Have You Embraced The Trendy Airbnb Lodging Accommodations For Your Leisure Travel? Would You Open Your Home As A Host?
Let me preface my story by saying I’m often an early adopter of new products and services. I ordered my children’s holiday toys online before it was a trend, or even reliable. I jumped into an Uber the moment I heard if was available in my area. However, some new products and services take a while to grow on me. Airbnb may be one of them.
I recently took a mini-vacation with my millennial daughters. I was both excited and apprehensive about my first Airbnb experience. I figured the place would be either a dive or very nice, no “in-between”. The photos of the apartment on the website looked appealing, and it was in a desirable urban location. When we arrived, there was a little trouble picking up the keys, but other than that, everything went smoothly. The Airbnb accommodations resembled the pictures on the website (although the angle of the photos made the place look way cooler), the beds were comfortable, and there was lots of space. It was a good deal for the price considering the location. My millennials, who are frequent Airbnb guests, were happy with our decision. However for me, there was something missing from my vacation experience. There was something about staying in a stranger’s home (although in this particular situation, I think the apartment was used strictly for rental purposes) that made me a little uncomfortable. I know television service is not a necessity for millennials as long as they have access to the Internet and Netflix, but I find it comforting to flip through TV channels. Also, and this is probably a minor detail, there were no face towels or hand towels. Fortunately, thanks to a tip from a previous visitor on the website, I brought my own. All in all, the accommodations were perfectly adequate, but I’m not sure I’m ready to trade in my hotel room with maid service unless the price is significantly less. I’m all for a deal, but price being even close, give me the hotel TV remote ( with a plastic bag over it to protect from germs), the room service, the fresh towels and sheets upon request, and a bar downstairs. I may not be the target audience for this new concept, or maybe it’s just me. On the other hand, I wouldn’t rule out being an Airbnb host if I owned appealing accommodations in a desirable location and needed some additional income.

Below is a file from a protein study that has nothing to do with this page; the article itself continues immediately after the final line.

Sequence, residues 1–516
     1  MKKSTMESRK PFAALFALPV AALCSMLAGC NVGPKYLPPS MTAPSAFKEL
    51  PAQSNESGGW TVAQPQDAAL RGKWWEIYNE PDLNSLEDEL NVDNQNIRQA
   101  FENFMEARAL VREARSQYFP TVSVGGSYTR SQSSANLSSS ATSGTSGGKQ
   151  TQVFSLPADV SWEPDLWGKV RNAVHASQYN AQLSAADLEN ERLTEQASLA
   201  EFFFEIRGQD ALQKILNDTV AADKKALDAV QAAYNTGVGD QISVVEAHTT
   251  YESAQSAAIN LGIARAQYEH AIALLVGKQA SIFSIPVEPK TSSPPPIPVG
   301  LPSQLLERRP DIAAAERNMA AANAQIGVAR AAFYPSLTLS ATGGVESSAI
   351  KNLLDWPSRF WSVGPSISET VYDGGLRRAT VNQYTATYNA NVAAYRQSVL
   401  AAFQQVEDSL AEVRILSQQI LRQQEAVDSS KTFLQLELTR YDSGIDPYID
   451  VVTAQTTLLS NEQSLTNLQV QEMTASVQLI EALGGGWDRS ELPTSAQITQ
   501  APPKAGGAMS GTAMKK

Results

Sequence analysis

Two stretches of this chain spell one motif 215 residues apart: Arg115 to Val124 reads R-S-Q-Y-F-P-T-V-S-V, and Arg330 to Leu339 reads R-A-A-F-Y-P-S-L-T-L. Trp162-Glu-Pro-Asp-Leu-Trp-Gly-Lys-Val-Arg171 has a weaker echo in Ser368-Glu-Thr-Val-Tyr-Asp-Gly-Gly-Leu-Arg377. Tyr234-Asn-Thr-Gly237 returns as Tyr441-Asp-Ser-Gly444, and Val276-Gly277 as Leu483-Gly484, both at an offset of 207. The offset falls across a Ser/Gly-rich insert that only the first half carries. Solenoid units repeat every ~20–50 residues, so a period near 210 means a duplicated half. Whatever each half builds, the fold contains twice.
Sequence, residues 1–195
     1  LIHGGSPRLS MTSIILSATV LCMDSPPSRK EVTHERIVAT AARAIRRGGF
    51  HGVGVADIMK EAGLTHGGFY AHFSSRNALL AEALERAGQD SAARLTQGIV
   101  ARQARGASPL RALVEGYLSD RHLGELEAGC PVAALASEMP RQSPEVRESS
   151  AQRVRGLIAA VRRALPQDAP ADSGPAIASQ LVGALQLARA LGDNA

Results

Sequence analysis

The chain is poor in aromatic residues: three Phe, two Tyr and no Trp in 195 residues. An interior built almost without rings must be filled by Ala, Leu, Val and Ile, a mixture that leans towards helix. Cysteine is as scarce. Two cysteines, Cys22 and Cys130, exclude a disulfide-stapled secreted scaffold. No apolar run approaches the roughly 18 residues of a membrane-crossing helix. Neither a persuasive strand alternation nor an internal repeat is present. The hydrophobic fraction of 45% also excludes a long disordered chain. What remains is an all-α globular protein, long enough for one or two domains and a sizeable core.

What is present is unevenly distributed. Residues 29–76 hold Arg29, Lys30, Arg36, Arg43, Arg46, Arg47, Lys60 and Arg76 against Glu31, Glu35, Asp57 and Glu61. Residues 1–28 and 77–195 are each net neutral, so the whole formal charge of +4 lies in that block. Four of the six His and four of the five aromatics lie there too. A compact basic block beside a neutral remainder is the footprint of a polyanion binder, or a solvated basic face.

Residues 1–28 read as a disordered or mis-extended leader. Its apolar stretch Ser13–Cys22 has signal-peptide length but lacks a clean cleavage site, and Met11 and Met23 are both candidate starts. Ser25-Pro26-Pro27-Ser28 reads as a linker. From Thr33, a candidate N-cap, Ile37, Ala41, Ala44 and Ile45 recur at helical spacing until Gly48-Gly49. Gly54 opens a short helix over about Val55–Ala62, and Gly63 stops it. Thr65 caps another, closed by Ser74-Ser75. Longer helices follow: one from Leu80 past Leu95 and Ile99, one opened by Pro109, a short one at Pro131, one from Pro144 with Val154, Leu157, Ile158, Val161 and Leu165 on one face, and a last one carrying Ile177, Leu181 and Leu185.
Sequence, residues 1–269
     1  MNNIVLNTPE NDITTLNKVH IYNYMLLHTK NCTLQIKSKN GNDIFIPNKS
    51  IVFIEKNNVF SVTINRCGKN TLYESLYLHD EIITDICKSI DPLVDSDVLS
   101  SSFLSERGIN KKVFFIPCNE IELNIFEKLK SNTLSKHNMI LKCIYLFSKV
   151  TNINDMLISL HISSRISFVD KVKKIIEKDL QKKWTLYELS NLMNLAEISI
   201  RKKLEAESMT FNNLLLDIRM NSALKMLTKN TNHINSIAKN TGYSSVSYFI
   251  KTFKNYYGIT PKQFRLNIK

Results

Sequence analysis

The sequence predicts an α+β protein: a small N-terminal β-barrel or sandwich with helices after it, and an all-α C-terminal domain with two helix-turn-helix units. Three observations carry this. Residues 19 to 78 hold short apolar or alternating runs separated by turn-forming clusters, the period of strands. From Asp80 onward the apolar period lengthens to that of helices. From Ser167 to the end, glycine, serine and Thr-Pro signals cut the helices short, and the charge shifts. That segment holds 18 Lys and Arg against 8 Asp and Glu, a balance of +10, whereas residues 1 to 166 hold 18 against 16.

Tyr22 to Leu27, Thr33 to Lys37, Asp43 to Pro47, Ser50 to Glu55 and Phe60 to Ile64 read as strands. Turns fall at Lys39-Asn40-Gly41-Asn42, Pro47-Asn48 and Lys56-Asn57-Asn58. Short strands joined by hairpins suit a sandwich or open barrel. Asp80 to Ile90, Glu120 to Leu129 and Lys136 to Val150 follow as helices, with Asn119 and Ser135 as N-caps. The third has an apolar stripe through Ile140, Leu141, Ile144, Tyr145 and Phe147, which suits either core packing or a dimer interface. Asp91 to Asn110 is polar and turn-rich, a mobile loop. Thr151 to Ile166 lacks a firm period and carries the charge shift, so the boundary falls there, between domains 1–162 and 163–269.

Airbnb has become a huge player in the lodging market today. Interestingly, while Millennials and Generation Z have been the largest segments to embrace this type of lodging, Baby Boomers are the fastest growing segment of hosts.
According the to website, https://www.airbnbcitizen.com/airbnbs-2016-highlights-and-2017-trends-were-watching/
Despite having lower awareness than other accommodation providers, Airbnb today has more listings than the top three hotel chains combined, including 1 million listings now available via Instant Book. Only one hotel chain has more rooms than we have instantly bookable listings….
Millennials already account for roughly 60 percent of all guests who have ever booked on Airbnb, and the number of Millennials who have booked on Airbnb has grown more than 120 percent in the past year.
As the travel and hospitality market continues to expand, Millennials and Generation Z have been quicker to embrace home sharing.
Seniors, meanwhile, are our fastest-growing host demographic, and senior women consistently are the best-rated hosts on Airbnb. AARP polling shows most older Americans wanting to stay in their homes for as long as possible, and many of them have empty bedrooms that can yield extra income to help them afford to “age in place.” According to research conducted for Airbnb:
Home sharing on Airbnb brings the typical US host aged 65 and older an extra $8,350 a year, equal to a 52-percent increase over typical Social Security income.
Fifty-eight percent of our older American hosts report that Airbnb has helped them stay in their homes.